by Tom Lanham.
Taken from Musician, August 1997.
Primus on the perils of recording.
Up in the verdent wilderness of nothern California, out where emus and llamas are the pets du jour, sits Les Claypool's sprawling estate, Rancho Relaxo, and its tandem twin-gazebo recording studio, The Corn. But beware!
The premises are guarded by two barel-chested yellow Labradors named Corn and Capone who are strong as the fabled Cerberus. So strong, in fact that they recently forced their way into the main recording room. Their master arrived home to find his dogs happily gnawing on a tangle of thick equipment cords. A minor setback in the completion of Claypool's latest self-produced, bass-blasted sideshow with Primus. The Brown Album, he's titled it. Soundwise, he says,"It's sort of like Led Zeppelin's Physical Graffiti meets T-Neck period Isley Brothers."
In the corner of this small, windowed room sits several of Claypool's countless basses---acoustic, fretless, electric upright, you name it. All of which play a part in the album's fat, all-analog mix, which sounds--on psychotic new funk-punk stompers like "Bob's Party Time Lounge"--as sludgy and visceral as, say Rush's 2112, maybe Robin Trower's Bridge of Sighs.
"No more of that digital crap!" Claypool declares with a charismatic cackle. Why? Blame it on new Primus drummer and ex-Limbomaniacs mainstay Brain. For this latest home session Claypool was considering "getting [Digidesign] Pro Tools and doing it all on computer. Originally I wanted automation which would have total recall: Which ever mix we did, it would remember where the setting were. I got tired of resetting the board all the time; it was too much work. Then Brain comes along and says, 'Fuck that, dude! We gotta go analog!'"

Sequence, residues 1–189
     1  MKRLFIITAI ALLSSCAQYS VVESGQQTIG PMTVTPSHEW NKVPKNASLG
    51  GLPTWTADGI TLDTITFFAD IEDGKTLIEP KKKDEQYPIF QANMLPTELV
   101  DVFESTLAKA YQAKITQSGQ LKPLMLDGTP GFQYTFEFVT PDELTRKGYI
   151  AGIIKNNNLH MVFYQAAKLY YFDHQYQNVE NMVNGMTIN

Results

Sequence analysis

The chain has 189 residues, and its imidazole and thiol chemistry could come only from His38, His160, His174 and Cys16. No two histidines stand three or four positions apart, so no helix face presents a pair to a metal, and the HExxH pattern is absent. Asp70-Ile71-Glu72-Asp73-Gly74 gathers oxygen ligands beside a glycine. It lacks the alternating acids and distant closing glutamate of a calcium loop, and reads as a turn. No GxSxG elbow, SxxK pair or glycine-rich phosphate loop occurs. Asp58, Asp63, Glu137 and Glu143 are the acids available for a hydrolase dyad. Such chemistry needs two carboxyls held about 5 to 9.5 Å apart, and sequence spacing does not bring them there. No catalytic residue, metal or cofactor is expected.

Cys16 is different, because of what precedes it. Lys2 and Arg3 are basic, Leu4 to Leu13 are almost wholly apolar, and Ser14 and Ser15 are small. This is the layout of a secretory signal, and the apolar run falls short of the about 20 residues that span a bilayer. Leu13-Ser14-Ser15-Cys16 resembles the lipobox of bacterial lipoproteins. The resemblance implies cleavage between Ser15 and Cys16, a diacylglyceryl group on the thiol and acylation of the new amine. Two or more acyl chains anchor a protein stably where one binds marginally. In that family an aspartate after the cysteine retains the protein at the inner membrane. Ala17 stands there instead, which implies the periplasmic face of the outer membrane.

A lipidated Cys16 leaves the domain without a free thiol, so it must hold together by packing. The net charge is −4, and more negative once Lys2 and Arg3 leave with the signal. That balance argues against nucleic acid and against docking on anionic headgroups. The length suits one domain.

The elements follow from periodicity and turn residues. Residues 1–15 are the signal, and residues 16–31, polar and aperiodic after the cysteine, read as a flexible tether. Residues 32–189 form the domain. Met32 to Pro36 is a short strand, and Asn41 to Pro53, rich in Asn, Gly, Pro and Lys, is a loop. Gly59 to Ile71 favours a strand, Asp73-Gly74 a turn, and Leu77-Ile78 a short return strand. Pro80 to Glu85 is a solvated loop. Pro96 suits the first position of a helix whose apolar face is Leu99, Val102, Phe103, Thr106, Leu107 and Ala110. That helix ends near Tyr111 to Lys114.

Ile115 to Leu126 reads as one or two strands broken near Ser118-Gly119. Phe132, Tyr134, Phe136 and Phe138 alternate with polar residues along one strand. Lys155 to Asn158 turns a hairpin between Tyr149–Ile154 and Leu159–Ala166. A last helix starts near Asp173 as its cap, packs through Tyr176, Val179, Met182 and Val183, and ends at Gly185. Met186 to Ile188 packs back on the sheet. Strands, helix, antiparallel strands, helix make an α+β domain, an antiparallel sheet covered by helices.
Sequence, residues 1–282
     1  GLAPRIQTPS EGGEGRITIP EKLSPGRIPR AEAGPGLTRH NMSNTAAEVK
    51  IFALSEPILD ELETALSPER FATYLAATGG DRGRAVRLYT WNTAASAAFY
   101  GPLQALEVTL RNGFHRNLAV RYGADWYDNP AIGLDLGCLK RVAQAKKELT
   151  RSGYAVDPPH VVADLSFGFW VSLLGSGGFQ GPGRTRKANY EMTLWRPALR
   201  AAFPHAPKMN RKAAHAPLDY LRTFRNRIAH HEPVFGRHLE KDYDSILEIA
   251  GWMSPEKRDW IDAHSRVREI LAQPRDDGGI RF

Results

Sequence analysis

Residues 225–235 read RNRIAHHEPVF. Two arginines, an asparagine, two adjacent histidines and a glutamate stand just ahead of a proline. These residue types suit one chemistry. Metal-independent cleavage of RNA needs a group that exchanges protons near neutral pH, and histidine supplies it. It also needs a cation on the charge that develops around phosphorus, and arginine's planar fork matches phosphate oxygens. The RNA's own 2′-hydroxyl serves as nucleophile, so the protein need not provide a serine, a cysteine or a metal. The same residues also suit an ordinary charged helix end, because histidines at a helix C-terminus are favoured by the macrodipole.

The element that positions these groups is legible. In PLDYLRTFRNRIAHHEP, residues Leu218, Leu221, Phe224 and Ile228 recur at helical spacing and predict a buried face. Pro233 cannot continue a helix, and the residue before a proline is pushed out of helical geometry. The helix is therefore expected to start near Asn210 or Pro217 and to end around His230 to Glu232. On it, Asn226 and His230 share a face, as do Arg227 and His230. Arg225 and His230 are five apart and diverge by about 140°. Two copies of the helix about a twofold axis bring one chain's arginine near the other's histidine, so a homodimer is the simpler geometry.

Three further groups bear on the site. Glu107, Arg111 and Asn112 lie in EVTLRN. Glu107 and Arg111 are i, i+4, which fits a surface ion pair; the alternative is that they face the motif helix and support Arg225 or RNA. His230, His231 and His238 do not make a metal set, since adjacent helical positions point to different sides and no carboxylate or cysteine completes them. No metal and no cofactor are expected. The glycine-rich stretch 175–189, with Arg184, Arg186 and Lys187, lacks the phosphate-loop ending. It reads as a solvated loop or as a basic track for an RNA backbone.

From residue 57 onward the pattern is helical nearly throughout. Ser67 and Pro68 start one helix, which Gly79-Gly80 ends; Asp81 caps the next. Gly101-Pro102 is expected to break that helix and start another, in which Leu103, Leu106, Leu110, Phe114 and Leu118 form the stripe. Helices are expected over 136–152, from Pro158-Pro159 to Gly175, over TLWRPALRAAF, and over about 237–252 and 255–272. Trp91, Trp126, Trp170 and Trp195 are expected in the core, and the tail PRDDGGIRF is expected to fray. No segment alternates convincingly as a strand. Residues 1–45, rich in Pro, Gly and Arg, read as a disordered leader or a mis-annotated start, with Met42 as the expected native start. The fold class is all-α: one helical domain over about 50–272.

Brain beems proudly over his accomplishment. "I was always working with people who had Pro Tools," he explains. "and it just sounded so thin. Every time they'd bounce the mix back to ADAT, and then bounce it back to Pro Tools, it's get smaller and smaller, untill it was almost one-dimensional," So Claypool decided to conduct a little experiment: "I had this TASCAM 388, the same machine we did our first record on, and I recorded some drums, bass, and guitar with it, then did the exact same thing with an [Alesis] ADAT. Then I mixed it, put it on cassette, and played both for a bunch of people." Surprise. "Everyone picked the 388 over the ADAT immediately, picked the analog over digital."
Not that all new technology is bad. Claypool and guitarist Larry "Ler" Lalonde have just bought top-of-the-line Macintoshes, which they used to design the Brown Album cover art---basically an elaborate composite of popular chocolate bar wrappers. Get it? "Brown"? Still, the Primus main directive seems to remain "simplify," even down to Claypool's more mature lyrical stance. He swears it "isn't intentional, but i'm finding that my characters are a little more grounded in reality. They're still out there, but it's like the difference between a Coen Brothers film and a Terry Gilliam film. We're going from Baron Munchausen to Fargo."